Bound: Forget Me Knot

Title: Bound: Forget Me Knot
Author: H.B. Pattskyn
Cover Artist: Shobana Appavu
Publisher: Dreamspinner Press
Buy Link: Buy Link Bound: Forget Me Knot
Genre: M/M contemporary romance
Length: 260 pages
Rating: 4 stars out of 5

A guest review by Jenre

Summary review: An overall engaging BDSM story but had a couple of concerns about the depiction of the BDSM scenes.

THE BLURB

Jason Kennly needs to get a closer look when he spots a gray leather collar from across the dealers’ room at a science fiction convention, even if there’s no way he can afford it on his college student budget. After all, looking is free. But then he spots something he wants even more than the collar: leather booth owner Henry Durand, who insists Jason try it on. When Henry asks Jason to be his model at a bondage demo, Jason agrees despite his lack of experience as a sub and ends up spending a no-strings-attached weekend exploring his kinky side with a virtual stranger.

Then the con is over, Jason and Henry go their separate ways, and it’s back to real life. Coming to terms with his identity as a submissive and masochist isn’t easy for Jason. Suddenly he has to face fear, doubt, and a best friend who’ll do anything to get him away from “that creep” and back together with the ex-boyfriend who ignored him. All Jason wants is to be with Henry, but what if that means becoming his slave?

THE REVIEW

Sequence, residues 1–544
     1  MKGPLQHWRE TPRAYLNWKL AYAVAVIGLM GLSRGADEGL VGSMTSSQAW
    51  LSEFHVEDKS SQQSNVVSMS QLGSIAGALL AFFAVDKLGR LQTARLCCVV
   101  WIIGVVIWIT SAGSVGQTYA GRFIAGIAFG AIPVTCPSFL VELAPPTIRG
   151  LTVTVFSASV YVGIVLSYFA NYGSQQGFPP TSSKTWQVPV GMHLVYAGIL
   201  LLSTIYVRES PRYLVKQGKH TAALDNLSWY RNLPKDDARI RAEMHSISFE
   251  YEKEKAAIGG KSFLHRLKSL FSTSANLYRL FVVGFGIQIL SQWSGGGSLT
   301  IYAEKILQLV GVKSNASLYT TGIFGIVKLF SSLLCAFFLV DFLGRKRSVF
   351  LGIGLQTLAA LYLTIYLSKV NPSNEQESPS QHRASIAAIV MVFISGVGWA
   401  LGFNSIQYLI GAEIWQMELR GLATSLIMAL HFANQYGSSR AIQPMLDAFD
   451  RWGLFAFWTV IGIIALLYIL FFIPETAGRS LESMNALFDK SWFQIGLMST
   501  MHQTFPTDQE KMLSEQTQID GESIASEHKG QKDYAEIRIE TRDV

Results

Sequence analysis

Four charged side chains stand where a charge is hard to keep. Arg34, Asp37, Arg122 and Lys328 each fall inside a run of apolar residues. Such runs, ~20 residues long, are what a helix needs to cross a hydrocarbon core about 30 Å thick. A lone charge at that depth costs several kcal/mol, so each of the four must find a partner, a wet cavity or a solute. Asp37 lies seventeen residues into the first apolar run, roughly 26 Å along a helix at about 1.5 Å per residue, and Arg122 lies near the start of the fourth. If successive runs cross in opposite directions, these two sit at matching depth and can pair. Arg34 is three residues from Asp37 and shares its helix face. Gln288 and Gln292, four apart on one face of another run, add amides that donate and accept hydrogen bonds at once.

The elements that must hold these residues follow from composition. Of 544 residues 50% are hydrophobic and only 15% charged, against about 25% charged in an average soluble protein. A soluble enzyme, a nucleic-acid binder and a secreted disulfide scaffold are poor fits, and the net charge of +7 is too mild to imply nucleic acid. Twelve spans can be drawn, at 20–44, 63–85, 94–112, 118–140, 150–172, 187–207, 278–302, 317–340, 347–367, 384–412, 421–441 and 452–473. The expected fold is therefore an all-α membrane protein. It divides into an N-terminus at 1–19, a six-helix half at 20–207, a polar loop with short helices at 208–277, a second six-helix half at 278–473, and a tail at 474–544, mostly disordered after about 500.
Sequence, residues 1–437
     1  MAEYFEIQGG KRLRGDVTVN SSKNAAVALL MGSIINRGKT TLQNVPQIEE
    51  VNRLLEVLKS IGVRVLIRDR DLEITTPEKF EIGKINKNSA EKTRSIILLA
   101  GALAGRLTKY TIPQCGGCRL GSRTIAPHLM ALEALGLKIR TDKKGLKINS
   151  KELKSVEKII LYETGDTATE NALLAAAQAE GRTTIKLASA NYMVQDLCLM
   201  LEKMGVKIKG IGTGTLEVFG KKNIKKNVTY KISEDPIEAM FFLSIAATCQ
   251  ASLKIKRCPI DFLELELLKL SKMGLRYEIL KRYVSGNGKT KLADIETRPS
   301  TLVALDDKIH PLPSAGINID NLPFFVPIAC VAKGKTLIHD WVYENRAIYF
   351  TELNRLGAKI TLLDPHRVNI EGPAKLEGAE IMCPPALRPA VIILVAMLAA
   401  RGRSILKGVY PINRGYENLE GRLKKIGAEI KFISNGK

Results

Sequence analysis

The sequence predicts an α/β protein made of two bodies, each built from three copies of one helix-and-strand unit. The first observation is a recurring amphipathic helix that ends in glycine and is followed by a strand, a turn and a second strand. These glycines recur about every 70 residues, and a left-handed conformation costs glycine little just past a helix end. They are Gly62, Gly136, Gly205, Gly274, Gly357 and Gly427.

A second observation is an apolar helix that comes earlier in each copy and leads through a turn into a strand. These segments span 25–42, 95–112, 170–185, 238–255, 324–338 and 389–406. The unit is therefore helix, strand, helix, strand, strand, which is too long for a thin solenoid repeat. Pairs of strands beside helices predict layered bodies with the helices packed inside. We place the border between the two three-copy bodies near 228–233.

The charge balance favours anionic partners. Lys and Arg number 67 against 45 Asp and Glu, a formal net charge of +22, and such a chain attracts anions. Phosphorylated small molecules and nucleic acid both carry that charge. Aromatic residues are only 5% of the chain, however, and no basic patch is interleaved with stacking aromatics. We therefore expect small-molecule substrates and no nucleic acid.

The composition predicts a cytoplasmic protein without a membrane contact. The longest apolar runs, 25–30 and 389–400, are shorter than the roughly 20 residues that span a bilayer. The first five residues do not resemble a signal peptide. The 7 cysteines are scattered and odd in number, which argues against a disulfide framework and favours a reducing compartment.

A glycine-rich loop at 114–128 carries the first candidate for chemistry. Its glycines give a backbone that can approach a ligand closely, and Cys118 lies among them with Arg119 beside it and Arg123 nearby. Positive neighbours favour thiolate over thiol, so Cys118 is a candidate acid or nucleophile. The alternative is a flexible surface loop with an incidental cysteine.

There’s been lots of mention recently about the number of BDSM books around. I’m not complaining because I like reading BDSM books. The interchange and dynamics between a Dom and sub are fascinating. This story also has another of my much liked themes – May to December romance – so I was pretty certain I was going to like this book.

The story opens at a small science fiction convention. Jason is helping set out the dealers room and looking forward to the weekend. He’s pretty skint at the moment because he’s paying his college fees, but he treats himself to a room on his own. He’s attracted to a leather collar and talks to the stall holder, Henry, who he finds attractive. Jason wants to experiment with submission, and he’s nervous but pleased when Henry makes him an offer of a weekend fling.

There was much of the story which worked for me, especially in the character of Jason. He’s had a rough past and is now living in a less than satisfactory situation with a father he barely knows and his bitch of a girlfriend. Jason is essentially a good guy: hardworking, independent, making the best of a bad situation whilst trying to enjoy his life. However, like all people he has his less sympathetic characteristics: A tendency to feel sorry for himself; a little self-centred; slightly immature in his attitude at times. This wasn’t a bad thing for me because it made Jason a whole person with good and bad points and, since overall I liked him, I managed to forgive his unsavoury characteristics. What I liked most of all though is that this book is a journey for Jason. Henry sets hims on a path of self-discovery where he finds out that he gains self-worth and affirmation from submitting to a Dom. It takes him an entire book to begin to get comfortable with this idea, and I really enjoyed taking that journey with him.